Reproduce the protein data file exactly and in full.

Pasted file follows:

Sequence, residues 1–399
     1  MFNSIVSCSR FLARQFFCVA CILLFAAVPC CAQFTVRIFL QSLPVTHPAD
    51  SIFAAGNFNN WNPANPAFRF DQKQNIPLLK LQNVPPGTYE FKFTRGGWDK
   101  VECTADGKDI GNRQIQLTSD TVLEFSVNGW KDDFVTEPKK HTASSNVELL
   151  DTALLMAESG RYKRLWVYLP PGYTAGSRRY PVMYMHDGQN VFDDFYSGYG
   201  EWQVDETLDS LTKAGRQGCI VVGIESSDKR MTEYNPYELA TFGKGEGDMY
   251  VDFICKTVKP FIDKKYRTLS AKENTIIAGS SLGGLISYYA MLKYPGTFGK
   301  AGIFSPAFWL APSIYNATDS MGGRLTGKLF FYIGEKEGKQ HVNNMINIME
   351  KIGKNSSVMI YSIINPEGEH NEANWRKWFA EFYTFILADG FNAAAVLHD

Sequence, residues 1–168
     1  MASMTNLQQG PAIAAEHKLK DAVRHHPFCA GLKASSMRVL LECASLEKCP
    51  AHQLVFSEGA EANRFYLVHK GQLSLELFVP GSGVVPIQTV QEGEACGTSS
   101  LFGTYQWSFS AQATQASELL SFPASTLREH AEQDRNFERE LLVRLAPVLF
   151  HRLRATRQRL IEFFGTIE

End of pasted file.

Sequence, residues 1–399
     1  MFNSIVSCSR FLARQFFCVA CILLFAAVPC CAQFTVRIFL QSLPVTHPAD
    51  SIFAAGNFNN WNPANPAFRF DQKQNIPLLK LQNVPPGTYE FKFTRGGWDK
   101  VECTADGKDI GNRQIQLTSD TVLEFSVNGW KDDFVTEPKK HTASSNVELL
   151  DTALLMAESG RYKRLWVYLP PGYTAGSRRY PVMYMHDGQN VFDDFYSGYG
   201  EWQVDETLDS LTKAGRQGCI VVGIESSDKR MTEYNPYELA TFGKGEGDMY
   251  VDFICKTVKP FIDKKYRTLS AKENTIIAGS SLGGLISYYA MLKYPGTFGK
   301  AGIFSPAFWL APSIYNATDS MGGRLTGKLF FYIGEKEGKQ HVNNMINIME
   351  KIGKNSSVMI YSIINPEGEH NEANWRKWFA EFYTFILADG FNAAAVLHD

Sequence, residues 1–168
     1  MASMTNLQQG PAIAAEHKLK DAVRHHPFCA GLKASSMRVL LECASLEKCP
    51  AHQLVFSEGA EANRFYLVHK GQLSLELFVP GSGVVPIQTV QEGEACGTSS
   101  LFGTYQWSFS AQATQASELL SFPASTLREH AEQDRNFERE LLVRLAPVLF
   151  HRLRATRQRL IEFFGTIE